His eyes told him he was alone. His instinct told him to beware what he couldn’t see.

“Why have you come…” whispered a voice, like sand blown along a dune.

Devlin surveyed the dim alcoves along the walls. “You once served Naya, the keeper of this library. I am here at her behest.”

Gone is the keeper,

the teacher,

the dreamer.

Slain by the reaper,

she dreams here no more…

“Not slain! Trapped. And Pallius is dead,” said Devlin

“Naya Trapped? Pallius dead… ? Perhaps. But even in death his shadow haunts these ruins.”

Devlin shook his head. “The wizards are gone. Now their warlords are the foe. Naya asks that you give me the slate you guard. It will help me free her.”

“Oh ho, that sounds reasonable! But more reasonable still would be that you are looking to plunder these ruins. I must refuse your request, little thief. The slate is safer where it is, away from the shadow’s watching eyes.”

“Naya said you are fond of riddles. Perhaps a contest? With the slate as the prize?”

The Djinn laughed, a gravelly rumble, like ore down a chute. “You challenge me?

“The little fish baits his own hook,

a dinner snagged when wisdom forsook!”

A small whirlwind stirred the sands across the cavern floor, circling Devlin before falling into gentle drifts. “This hall was a place of knowledge, of reasoning,” the Djinn declared, “In honor of that legacy we will have a trial of three questions. Should you answer two correctly you may have your boon, though it may prove more than you bargained for. Should you fail… “

A wind gusted through the cavern, heavy with the scent of rot and death at low tide.

Devlin’s hand clenched for the sword absent from his hip. “Agreed. Ask!”

A whisper like sanded bone rasped close to his ear:

“In a library’s halls,

as in a calm mind,

what treasure is so fragile

naming it breaks it?”

Moments ticked by. Answers he was sure were wrong flooded his thoughts. He closed his eyes, seeking to quiet his mind.

“Silence,” he said. “The answer is silence.”

“Well done, little thief!” Silence fell. Devlin strained to detect the Djinn’s movement. He flinched as the voice rasped near his other ear:

“Be it tower or grotto, mansion or hovel,

whomsoever enters its doors, blind,

has a chance to emerge, seeing.”

“That one is simple,” Devlin answered quickly. “The home of a physician.”

There was a rustling in the shadows. Slimy, rotting kelp snaked across the floor, tendrils coiling and grasping. He dodged and backed away, into a sunbeam at the chamber’s center. The tendrils sighed into stillness. But now his escape path lay blocked.

“No! A school,” breathed the voice. “Our count is one to one, little thief…”

The Djinn’s voice boomed like surf from every corner of the chamber, hurling the final riddle:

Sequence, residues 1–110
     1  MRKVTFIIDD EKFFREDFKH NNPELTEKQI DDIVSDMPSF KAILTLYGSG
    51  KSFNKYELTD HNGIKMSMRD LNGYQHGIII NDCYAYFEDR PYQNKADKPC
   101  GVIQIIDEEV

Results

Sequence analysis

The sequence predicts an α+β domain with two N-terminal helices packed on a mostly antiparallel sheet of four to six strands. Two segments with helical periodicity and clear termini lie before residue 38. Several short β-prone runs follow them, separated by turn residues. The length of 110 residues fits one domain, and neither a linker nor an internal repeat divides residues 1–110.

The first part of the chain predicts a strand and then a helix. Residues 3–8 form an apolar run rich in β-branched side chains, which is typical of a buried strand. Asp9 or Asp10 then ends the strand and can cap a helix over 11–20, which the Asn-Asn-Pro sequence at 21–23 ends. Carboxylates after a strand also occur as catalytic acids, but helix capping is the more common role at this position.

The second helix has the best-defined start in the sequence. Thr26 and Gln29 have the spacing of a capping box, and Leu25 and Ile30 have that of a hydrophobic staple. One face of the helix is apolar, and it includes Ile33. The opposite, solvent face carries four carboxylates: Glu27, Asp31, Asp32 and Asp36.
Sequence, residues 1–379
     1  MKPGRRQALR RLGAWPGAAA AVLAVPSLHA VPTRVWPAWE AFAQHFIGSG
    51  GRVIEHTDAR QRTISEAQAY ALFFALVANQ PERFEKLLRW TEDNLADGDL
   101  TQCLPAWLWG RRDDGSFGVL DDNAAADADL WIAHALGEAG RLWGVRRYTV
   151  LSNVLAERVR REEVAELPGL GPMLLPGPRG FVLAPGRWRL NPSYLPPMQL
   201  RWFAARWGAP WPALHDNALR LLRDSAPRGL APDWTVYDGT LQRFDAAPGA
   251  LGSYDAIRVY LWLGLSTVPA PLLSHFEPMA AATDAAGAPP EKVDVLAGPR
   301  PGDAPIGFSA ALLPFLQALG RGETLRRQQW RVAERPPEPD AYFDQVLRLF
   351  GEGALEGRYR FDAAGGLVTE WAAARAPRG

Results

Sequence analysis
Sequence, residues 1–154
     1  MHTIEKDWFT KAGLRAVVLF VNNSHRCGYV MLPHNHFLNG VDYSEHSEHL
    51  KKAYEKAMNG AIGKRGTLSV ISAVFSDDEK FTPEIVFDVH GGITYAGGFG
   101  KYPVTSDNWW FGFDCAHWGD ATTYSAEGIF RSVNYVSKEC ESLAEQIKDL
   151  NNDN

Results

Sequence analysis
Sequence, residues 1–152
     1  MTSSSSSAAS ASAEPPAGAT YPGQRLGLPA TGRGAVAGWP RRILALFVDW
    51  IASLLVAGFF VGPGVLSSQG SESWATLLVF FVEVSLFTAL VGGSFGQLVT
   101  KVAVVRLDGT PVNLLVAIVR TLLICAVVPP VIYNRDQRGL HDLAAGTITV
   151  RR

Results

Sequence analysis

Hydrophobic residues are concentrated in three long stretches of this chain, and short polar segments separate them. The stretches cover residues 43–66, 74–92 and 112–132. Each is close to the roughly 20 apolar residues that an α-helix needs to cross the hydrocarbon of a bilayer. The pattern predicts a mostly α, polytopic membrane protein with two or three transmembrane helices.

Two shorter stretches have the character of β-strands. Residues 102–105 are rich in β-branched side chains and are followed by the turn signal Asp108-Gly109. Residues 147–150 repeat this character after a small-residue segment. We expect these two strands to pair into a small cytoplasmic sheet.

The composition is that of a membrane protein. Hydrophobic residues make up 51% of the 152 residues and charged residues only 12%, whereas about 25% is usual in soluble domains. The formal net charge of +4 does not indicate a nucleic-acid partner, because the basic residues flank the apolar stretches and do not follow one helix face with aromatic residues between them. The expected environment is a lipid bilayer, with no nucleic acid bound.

The bear lies helpless in winter sleep,

The dolphin strays without sounding the deep.

The wolf starves when left lone behind,

What is the weakness of humankind?”

Devlin swayed before the pounding rhythm. His temples ached and his throat was dry. The word Fear leapt to mind.

But he stopped himself, wary about answering too quickly again. Fear is crippling, but there are things deeper than fear: the ignorant notions that lead us down and bind us in misery and hopeless dead ends. And we don’t even know they’re doing it…

He took a deep breath. “Ignorance,” he said hoarsely, and braced for an attack.

The moment stretched on.

“Alas. You are correct,” said the Djinn softly.

A sharp, high sound, slowly building, echoed through the cavern. Devlin caught a scent of hot metal and cold rock; there was a loud boom, as from a heavy door, and the waters of the pool shuddered. Then a shape, bound in heavy plated covers, rose dripping from the water.

“The slate?”

“You doubt me?”

“You think I’m a thief.”

The Djinn roared with laughter. “I knew before you entered the cavern you had come from Naya! Still, you needed to be tested.”

Devlin cursed silently. He grasped the slate and nearly pitched to his knees from its weight.

The Djinn laughed again. Then sobered.

“And thus does a powerful piece step back onto the board,” he said. “The last of the library I swore to protect. Nothing binds me now. I am free to whirl again across burning sands. Yet…”

Devlin could see a hint of the Djinn now: a slow-spinning, rippling light. A spirit far from the desert dunes of home. “Come to Cloud Tower,” he heard himself offer. “We could work together to free Naya. And at moonrise the cloud billows look like dunes.”

There was a long, calculating pause. “Your kindness spurs me to repeat my earlier warning,” said the Djinn. “The slate was safer where it was, away from the shadow’s watching eyes.”